The Quick Way You Can Take Action for Syrian Women Facing Gender Violence

16_days_logo_englishTo get to the Za’atari refugee camp in Jordan, Syrian women and girls had to face a gauntlet of deadly violence including extortion, trafficking and abuse. Once in the camps, they expected to find safety.

What they found, according to Amnesty International researchers, was more danger and the threat of gender violence.

A majority of the 2.9 million Syrian refugees are women and children. Having fled violence, and often surviving a treacherous journey across the Syrian desert, these refugees sought safety and shelter in the camps. More than 120,000 of them made their way to the Za’atri camp, making it the largest refugee camp in Jordan.

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Peace in the Home and Peace in the World: Help End Violence Against Women!

By Tarah Demant, Co-Chair of Amnesty International USA Women’s Rights Co-Group

A life free from violence is a fundamental human right, yet daily, women and girls are targeted specifically because of their sex or gender, and violence in communities often affects women disproportionately. Violence against women is a global epidemic; no country or community is immune.

Violence against women is used as a tool of discrimination, control, and intimidation, and it restricts women’s choices and increases their vulnerability to further injustices. 1 in 3 women will be raped, beaten, or abused in her lifetime, yet violence against women affects us all. Consider the following cases:

  • In Sudan, women can be can be stopped by the police, arrested, jailed, and even sentenced to public flogging for nothing more than wearing pants or leaving her hair uncovered.
  • In Egypt, women protesters have faced harassment and assault while Egypt’s political leaders have remained silence about the rampant sexual violence and discrimination.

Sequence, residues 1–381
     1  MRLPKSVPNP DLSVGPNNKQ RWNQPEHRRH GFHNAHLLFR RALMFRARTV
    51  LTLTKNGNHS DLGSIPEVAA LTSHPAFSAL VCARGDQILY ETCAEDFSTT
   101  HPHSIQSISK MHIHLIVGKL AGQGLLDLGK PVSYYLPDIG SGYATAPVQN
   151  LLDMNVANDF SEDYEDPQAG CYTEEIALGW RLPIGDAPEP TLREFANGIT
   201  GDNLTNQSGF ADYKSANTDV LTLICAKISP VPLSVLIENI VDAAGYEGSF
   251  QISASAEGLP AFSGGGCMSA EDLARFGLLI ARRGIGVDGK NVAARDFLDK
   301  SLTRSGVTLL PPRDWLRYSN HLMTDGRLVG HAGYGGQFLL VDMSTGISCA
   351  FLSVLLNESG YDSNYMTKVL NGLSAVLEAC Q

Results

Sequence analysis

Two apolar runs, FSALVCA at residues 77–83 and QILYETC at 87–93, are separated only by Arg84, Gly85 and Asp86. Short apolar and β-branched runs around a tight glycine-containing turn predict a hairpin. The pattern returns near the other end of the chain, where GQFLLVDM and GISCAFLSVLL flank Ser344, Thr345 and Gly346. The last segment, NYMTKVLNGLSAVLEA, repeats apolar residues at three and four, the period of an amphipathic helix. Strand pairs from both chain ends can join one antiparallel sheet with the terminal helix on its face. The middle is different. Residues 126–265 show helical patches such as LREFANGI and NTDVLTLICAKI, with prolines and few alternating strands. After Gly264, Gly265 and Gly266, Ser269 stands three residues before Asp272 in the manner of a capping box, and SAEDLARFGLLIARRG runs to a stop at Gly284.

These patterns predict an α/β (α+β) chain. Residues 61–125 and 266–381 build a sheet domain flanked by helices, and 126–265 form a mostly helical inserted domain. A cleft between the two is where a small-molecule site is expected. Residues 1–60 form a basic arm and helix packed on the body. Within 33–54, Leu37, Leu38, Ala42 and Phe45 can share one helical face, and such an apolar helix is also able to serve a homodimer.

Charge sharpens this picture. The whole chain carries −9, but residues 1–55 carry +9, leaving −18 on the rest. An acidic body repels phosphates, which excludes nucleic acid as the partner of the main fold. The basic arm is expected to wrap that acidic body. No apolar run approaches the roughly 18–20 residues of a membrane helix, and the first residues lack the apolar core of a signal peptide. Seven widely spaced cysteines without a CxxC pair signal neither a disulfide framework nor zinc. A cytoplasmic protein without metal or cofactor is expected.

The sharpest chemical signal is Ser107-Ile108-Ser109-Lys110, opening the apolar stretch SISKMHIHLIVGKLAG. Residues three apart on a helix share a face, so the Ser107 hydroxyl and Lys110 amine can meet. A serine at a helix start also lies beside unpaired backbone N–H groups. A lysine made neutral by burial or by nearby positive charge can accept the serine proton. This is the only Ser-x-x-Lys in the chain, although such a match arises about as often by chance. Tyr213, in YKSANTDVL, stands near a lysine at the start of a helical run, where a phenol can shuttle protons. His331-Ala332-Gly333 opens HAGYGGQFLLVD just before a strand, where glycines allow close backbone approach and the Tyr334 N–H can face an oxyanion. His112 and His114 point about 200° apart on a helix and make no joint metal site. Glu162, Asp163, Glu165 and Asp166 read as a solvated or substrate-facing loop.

• In Syria, more than 2 million people have fled the armed crisis, and now tens of thousands of women and girl refugees in Jordan risk further violence simply because they have no safe access to a toilet.
  • In the Democratic Republic of Congo, often ranked the worst place in the world to be a woman, women human rights defenders provide grassroots assistance to civilians, yet they themselves face intimidation, attack, rape, and sexual violence for their efforts.
  • In Bangladesh, women human rights defenders work for the rights of indigenous people throughout the country, yet 17 years after the disappearance of a high-profile Pahari activist, her family and community still waits for justice.
  • In Honduras, women human rights defenders are threatened with sexual violence for championing human rights throughout the country.
  • In Mexico, Miriam López Vargas and hundreds of other women wait for justice after torture and rape by Mexican soldiers.

What these cases have in common is a global culture of discrimination and violence against women as well as impunity for those who commit gender-based violence. And this year’s theme: From Peace in the Home to Peace in the World: Let’s Challenge Militarism and End Violence Against Women highlights the relationship between heightened militarism and communal and interpersonal violence.